New York City Mayor Bill de Blasio explains his plan for free health care

The mayor joins "The View" to share his plan to expand health care for all New York City residents, including undocumented immigrants.
7:43 | 01/16/19

Coming up in the next {{countdown}} {{countdownlbl}}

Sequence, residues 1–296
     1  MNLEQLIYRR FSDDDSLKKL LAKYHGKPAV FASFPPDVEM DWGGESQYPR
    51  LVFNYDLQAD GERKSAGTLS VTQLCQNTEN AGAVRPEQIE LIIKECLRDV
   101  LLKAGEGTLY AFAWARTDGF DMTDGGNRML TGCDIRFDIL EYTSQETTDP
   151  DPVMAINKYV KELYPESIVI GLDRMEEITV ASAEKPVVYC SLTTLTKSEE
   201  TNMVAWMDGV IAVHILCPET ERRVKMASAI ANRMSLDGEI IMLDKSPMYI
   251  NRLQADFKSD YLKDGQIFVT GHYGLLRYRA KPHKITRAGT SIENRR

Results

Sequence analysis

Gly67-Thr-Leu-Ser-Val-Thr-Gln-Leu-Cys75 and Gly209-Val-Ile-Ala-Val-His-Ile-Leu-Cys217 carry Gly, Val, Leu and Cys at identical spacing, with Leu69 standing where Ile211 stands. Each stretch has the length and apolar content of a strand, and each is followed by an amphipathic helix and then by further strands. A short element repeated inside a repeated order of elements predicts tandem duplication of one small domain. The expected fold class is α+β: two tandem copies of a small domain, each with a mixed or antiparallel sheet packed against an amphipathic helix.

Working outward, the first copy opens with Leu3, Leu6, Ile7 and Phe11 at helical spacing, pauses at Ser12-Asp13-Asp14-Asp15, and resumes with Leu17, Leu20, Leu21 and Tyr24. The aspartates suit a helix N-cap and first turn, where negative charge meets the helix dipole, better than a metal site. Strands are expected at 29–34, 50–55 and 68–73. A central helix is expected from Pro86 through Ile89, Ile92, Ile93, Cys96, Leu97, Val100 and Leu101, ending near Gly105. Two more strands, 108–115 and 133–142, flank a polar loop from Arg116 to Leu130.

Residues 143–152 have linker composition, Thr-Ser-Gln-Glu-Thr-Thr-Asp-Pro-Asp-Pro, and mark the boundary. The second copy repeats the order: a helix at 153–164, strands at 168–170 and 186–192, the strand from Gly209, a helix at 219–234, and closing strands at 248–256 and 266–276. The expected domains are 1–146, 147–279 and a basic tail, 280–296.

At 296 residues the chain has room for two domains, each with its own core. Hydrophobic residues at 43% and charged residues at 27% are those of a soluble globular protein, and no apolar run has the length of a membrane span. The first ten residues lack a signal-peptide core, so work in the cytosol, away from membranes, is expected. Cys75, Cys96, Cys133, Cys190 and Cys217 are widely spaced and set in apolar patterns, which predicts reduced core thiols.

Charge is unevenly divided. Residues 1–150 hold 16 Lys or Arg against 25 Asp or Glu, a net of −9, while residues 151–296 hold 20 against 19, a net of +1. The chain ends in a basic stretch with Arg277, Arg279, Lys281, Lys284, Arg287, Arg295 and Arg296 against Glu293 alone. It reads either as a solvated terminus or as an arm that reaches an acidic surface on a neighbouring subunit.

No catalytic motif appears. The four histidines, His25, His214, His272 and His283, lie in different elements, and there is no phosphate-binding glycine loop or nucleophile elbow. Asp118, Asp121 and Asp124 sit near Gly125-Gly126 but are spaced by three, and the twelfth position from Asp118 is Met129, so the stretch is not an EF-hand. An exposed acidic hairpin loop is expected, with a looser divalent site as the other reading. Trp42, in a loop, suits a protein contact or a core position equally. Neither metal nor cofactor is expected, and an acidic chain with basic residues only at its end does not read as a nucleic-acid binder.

Coming up next:



Skip to this video now

Now Playing:


Related Extras
Related Videos
Video Transcript
Transcript for New York City Mayor Bill de Blasio explains his plan for free health care